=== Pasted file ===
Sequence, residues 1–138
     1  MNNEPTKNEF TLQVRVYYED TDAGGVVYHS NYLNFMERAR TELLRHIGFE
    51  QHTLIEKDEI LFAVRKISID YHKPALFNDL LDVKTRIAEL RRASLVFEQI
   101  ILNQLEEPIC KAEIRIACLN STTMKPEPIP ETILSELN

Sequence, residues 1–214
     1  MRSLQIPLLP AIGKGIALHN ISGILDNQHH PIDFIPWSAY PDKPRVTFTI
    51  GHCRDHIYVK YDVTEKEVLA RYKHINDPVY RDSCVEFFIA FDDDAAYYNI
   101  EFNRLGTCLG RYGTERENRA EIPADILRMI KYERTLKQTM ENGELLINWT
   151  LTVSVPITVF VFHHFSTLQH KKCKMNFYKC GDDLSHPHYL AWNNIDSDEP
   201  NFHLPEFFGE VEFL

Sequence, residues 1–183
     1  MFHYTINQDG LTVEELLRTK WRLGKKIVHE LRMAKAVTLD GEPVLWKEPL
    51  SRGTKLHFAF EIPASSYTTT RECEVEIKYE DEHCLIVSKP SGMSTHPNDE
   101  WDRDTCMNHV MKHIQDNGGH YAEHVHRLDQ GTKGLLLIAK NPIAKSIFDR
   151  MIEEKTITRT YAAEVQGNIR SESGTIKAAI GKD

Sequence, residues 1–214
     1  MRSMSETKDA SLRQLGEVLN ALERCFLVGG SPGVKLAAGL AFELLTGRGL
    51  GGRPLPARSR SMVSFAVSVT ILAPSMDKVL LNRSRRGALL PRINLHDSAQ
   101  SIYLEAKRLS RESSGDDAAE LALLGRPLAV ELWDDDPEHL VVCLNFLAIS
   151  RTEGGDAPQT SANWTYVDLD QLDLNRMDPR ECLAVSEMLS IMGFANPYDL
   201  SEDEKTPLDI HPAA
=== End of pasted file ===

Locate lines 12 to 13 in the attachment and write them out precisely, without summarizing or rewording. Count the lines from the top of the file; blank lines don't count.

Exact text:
     1  MFHYTINQDG LTVEELLRTK WRLGKKIVHE LRMAKAVTLD GEPVLWKEPL
    51  SRGTKLHFAF EIPASSYTTT RECEVEIKYE DEHCLIVSKP SGMSTHPNDE